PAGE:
Click weeks 0 - 40 and follow fetal growth
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June 10, 2011--------News Archive

Hormone Test Helps Predict Success In IVF
Women with high levels of the hormone AMH produced more eggs for in vitro fertilization (IVF) procedures, and were more likely to have pregnancies.

Fragile X Protein Acts as Toggle Switch in Brain Cells
Research shows how the protein missing in fragile X syndrome – the most common inherited form of intellectual disability – acts as a molecular toggle switch in brain cells.


June 9, 2011--------News Archive

Early Light Refines the Brain’s Vision Circuitry
Light and sight are connected from the beginning.

Molecule Shared by Nervous and Vascular Systems
IRCM researchers show that a key molecule of the vascular system is essential for the formation of neural circuits.


June 8, 2011--------News Archive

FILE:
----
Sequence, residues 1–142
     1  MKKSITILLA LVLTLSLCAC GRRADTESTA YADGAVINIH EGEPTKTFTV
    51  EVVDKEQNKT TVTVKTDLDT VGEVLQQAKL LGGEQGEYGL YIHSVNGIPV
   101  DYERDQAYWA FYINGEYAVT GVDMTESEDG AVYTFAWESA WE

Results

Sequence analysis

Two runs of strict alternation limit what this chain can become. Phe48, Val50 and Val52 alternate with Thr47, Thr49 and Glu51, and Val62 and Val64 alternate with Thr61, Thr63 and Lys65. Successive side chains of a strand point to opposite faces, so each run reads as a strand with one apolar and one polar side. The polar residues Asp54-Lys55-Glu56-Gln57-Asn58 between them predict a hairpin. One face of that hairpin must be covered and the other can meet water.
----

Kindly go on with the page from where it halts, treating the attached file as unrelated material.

Fetal Exposure to BPA Changes Uterus in Primates
Oral intake of BPA altered expression of HOX and WNT genes which are critical for uterine development.

Pregnancy Weight Gain Risks Fat Baby, Child, Adult
Women who gain too much weight during pregnancy tend to have newborns with a high amount of body fat, regardless of the mother's weight before pregnancy.


June 7, 2011--------News Archive

Exposure to BPA Has Been Underestimated
New research results indicate BPA accumulates more rapidly within the body than previously thought.

Pregnant Women Can Prevent Excess Weight Gain with Simple Steps
Women who did not self-weigh gained an average of 15.2 pounds.


June 6, 2011--------News Archive

Programming Disease by Gender
Excess maternal stress can program adverse health effects through multiple generations, especially in boys.

Birth Control Pill for Men On the Horizon?
But to make the pill a reality, research needs to show that the compound is safe, effective – and reversible.

Finding How Pre-gut Cells Become Focused
Research has outlined exactly how specific cells in sea-urchin embryos become the endoderm, the domain that eventually forms the gut.

Found, Genetic Mutation Causing Excess Hair Growth
Scientists in Beijing, China, have discovered a chromosome mutation responsible for a very rare condition in which people grow excess hair all over their bodies.

WHO Child Growth Charts

Exposure in the womb to bisphenol A (BPA), a chemical widely used in the food and medical industries, causes changes in female primates' uterus development, new research suggests.